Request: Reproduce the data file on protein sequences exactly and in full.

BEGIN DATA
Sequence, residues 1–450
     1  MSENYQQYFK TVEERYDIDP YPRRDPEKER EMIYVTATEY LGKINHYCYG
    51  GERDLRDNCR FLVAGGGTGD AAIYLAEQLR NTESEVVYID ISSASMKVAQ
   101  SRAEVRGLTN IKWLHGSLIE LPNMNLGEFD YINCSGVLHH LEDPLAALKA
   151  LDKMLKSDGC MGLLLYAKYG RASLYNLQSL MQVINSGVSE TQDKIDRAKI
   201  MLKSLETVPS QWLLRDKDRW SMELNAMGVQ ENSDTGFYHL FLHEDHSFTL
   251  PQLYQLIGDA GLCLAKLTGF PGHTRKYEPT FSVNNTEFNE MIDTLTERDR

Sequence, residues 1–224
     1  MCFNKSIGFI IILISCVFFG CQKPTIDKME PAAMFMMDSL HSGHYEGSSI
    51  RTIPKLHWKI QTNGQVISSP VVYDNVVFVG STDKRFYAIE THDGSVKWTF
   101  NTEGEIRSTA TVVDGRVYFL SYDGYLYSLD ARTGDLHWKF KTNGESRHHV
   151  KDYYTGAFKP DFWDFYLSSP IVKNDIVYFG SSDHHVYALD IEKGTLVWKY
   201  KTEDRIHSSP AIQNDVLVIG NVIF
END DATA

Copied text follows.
Sequence, residues 1–450
     1  MSENYQQYFK TVEERYDIDP YPRRDPEKER EMIYVTATEY LGKINHYCYG
    51  GERDLRDNCR FLVAGGGTGD AAIYLAEQLR NTESEVVYID ISSASMKVAQ
   101  SRAEVRGLTN IKWLHGSLIE LPNMNLGEFD YINCSGVLHH LEDPLAALKA
   151  LDKMLKSDGC MGLLLYAKYG RASLYNLQSL MQVINSGVSE TQDKIDRAKI
   201  MLKSLETVPS QWLLRDKDRW SMELNAMGVQ ENSDTGFYHL FLHEDHSFTL
   251  PQLYQLIGDA GLCLAKLTGF PGHTRKYEPT FSVNNTEFNE MIDTLTERDR

Sequence, residues 1–224
     1  MCFNKSIGFI IILISCVFFG CQKPTIDKME PAAMFMMDSL HSGHYEGSSI
    51  RTIPKLHWKI QTNGQVISSP VVYDNVVFVG STDKRFYAIE THDGSVKWTF
   101  NTEGEIRSTA TVVDGRVYFL SYDGYLYSLD ARTGDLHWKF KTNGESRHHV
   151  KDYYTGAFKP DFWDFYLSSP IVKNDIVYFG SSDHHVYALD IEKGTLVWKY
   201  KTEDRIHSSP AIQNDVLVIG NVIF